In this defense of the 17th century play, The Country Wife by William Wycherley, an in-depth exploration of the concept of wit is used to contest the opinion of many critics that the play holds no value. One of the most desired traits of the time, wit was a definition that could not be pinned down; authors such as Alexander Pope, William Congreve and Abraham Cowley allow this elusive term to be examined in detail. Although it was greeted with enthusiasm upon its first rendition, The Country Wife lost popularity due its promiscuous theme. The morals that Wycherley desires to imprint on his audience are clarified using the dialogue of major characters demonstrating that the use of comedy as a conductor allows the play to regain its status as a masterpiece.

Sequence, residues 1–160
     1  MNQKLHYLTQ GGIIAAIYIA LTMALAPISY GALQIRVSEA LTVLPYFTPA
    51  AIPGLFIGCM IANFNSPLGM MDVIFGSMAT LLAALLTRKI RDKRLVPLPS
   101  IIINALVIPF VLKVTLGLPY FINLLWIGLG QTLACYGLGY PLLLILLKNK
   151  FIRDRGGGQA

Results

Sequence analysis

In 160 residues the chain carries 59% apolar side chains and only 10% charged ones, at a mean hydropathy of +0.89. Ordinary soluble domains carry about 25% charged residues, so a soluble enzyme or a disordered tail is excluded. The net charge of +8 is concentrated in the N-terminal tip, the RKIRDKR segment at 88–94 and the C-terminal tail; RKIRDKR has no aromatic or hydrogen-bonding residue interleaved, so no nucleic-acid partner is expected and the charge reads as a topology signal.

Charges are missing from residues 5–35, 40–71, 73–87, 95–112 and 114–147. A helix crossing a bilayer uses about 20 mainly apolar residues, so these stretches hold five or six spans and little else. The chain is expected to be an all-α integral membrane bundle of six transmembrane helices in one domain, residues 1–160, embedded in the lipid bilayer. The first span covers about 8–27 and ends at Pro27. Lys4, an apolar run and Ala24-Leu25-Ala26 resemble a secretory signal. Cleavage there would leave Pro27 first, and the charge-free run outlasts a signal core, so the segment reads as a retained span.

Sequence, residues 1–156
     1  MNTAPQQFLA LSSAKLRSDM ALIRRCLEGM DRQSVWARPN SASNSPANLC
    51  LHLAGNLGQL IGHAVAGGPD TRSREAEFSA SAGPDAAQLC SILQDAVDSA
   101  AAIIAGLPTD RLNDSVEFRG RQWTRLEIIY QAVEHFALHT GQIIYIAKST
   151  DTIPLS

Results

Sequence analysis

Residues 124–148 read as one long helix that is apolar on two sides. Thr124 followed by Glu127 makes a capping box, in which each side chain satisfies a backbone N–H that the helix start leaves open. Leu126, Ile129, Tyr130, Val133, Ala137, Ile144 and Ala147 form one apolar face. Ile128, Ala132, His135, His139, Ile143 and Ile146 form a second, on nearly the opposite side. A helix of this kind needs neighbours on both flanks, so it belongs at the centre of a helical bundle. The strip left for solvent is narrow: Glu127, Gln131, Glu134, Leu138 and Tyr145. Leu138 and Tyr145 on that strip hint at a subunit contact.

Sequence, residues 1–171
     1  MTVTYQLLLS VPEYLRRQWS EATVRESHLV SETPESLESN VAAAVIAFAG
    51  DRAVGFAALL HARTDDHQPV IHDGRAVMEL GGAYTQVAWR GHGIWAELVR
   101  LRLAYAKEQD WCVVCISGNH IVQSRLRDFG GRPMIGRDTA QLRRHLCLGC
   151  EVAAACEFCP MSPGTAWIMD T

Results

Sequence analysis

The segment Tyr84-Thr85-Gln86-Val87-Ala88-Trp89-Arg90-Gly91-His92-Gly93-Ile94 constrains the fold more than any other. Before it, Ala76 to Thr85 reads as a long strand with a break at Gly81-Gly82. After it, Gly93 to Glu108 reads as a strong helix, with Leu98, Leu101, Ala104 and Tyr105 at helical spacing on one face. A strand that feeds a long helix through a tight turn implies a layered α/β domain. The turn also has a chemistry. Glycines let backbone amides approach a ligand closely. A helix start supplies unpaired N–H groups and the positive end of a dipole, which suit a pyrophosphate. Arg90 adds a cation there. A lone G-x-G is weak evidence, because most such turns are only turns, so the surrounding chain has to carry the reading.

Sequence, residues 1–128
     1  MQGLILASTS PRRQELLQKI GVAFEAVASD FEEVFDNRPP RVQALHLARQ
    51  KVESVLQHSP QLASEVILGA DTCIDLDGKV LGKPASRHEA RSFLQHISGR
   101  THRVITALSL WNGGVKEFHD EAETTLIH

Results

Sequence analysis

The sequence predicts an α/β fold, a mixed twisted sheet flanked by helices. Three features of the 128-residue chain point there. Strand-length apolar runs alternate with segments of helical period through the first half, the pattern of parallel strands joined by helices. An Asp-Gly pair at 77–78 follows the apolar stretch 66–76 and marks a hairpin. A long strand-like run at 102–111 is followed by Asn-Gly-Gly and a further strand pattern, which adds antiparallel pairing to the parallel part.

Montell Edgar, ’10 LeClaire, IA
Sponsor: Shannon Reed